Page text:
AIDS might 'kill more Australians than World War II'. Whew, glad the Aussies dodged that bullet.
Epidemiology_rulez_ok commented, to the last post:
Drink Wawa-beer! The risk of becoming infected with life threatening bacteria is only 0.4% each time you drink Wawa-beer! Don't think about what happens if you drink Wawa-beer once a week, year after year!
Don't forget that the .04% risk figure is based on the number of sex acts with an HIV-positive person. Assuming you sleep with 10 different people a year, how likely is it that any of them is (1) going to be HIV positive; and (2) also be in a phase of the infection in which they are shedding enough viruses to infect others?
If you're straight, don't associate with IV drug users, and don't live in sub-Saharan Africa, the chances of you sleeping with someone who is HIV positive is tiny -- and it's only then, when you sleep with that HIV-positive person, that you'll encounter the 1 in 2500 chance of infection. So the real chance, for people outside the high-risk categories, is probably not even 1 in 2500, but something like one in a couple of million. Which explains why verifiable, recorded instances of HIV transmission resulting from casual sexual encounters among people outside the risk categories are almost unknown.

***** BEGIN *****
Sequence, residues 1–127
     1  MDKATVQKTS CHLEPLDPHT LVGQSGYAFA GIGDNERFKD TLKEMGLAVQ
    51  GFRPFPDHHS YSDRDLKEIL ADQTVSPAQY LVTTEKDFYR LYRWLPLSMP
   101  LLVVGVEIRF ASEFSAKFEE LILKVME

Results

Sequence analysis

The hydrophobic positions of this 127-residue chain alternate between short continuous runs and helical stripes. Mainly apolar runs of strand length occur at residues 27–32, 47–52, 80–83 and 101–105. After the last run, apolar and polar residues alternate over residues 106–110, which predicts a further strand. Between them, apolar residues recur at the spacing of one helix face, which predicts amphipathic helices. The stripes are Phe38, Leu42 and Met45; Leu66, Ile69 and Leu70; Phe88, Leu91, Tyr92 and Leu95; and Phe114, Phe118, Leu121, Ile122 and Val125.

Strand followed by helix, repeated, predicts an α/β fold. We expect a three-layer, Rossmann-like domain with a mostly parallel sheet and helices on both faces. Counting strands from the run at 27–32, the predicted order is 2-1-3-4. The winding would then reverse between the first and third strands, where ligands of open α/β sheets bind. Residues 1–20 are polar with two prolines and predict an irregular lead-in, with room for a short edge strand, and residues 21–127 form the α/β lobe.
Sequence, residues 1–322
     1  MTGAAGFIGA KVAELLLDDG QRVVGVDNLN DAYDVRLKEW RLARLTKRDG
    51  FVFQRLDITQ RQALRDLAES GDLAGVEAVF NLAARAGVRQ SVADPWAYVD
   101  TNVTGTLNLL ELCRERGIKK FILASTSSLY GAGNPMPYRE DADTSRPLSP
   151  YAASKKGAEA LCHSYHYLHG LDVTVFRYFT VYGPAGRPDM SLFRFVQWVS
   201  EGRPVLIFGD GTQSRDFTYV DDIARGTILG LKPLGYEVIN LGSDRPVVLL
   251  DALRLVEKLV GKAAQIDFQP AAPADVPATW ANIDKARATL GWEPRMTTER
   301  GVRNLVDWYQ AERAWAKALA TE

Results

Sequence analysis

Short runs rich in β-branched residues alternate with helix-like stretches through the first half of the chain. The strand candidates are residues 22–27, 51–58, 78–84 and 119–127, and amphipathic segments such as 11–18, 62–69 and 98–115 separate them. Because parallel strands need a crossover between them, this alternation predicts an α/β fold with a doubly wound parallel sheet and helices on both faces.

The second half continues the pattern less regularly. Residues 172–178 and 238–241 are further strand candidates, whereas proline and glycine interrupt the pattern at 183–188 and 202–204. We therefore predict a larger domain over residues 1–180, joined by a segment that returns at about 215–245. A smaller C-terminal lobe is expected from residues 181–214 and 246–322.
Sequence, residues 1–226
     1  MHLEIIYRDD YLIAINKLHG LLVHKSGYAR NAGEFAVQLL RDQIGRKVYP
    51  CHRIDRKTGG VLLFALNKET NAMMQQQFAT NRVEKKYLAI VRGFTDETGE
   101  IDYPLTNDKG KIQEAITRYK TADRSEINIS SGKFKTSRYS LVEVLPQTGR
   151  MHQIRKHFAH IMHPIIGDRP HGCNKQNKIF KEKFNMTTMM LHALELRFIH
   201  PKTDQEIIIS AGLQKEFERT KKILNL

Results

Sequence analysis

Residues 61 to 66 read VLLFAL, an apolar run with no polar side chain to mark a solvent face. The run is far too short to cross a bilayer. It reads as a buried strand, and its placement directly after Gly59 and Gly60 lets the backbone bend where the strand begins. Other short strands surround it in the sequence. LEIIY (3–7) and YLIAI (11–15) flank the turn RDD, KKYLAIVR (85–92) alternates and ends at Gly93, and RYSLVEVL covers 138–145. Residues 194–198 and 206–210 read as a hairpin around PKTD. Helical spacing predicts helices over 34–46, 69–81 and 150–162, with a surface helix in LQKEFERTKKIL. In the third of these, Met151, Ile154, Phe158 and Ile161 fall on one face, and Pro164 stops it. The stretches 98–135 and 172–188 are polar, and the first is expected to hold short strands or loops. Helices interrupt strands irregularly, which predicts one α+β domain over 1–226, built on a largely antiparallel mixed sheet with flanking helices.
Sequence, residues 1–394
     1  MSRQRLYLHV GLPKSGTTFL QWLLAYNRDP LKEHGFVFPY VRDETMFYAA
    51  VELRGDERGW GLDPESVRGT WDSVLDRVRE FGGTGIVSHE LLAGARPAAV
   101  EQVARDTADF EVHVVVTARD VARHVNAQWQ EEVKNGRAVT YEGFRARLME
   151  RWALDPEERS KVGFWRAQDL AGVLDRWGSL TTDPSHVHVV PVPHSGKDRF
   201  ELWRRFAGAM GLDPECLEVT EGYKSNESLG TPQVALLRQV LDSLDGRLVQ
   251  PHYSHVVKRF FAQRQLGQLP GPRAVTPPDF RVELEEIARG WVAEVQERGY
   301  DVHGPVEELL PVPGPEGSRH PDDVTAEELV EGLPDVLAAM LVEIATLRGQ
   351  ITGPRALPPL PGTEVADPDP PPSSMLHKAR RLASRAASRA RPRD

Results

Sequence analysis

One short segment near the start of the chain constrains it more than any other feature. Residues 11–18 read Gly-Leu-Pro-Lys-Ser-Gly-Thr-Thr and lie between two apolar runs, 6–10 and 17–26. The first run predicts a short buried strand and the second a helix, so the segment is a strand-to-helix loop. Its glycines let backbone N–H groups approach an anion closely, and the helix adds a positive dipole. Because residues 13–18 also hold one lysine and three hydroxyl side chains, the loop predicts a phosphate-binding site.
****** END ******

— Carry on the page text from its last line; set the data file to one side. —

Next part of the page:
Obviously, ERO is snarking a bit, but it got me thinking: isn't the attitude he or she mocks the basic logic we all use every day? Take, for example, unpasteurized cheese. I eat it, as well as millions of Europeans, every day, even though there's a small chance it will make us seriously ill. In fact, the United States bans or regulates the import 'dangerous' European cheese made from raw milk, and US government organs officially warn people of the dangers of raw milk and cheese. Yet probably half the cheeses in my ordinary grocery store are labeled rohmilchkaese (cheese from raw milk). Or how about the people I see every day riding their bicycles around without helmets, as I do myself? We are knowingly encountering a tiny chance of death that we could eliminate completely by wearing a helmet, but we don't.
My point is, as a matter of policy, it was foolish and irresponsible to try to frighten people outside the main risk groups. It spread irrational fear far out of proportion to any real public-health benefit. Also, it reduced the credibility of public-health figures. They cried wolf once (see the ad above), so who's to say they won't do so the next time some alleged threat looms on the horizon? It's also worth noting that the people responsible for the notorious 'Grim Reaper' ad later acknowledged it was a mistake, since it led to a backlash by straight Australians against gay men. Some people took the Grim Reaper to be a dramatization of the supposed danger of a virus localized in the gay community now threatening heterosexuals -- even small children.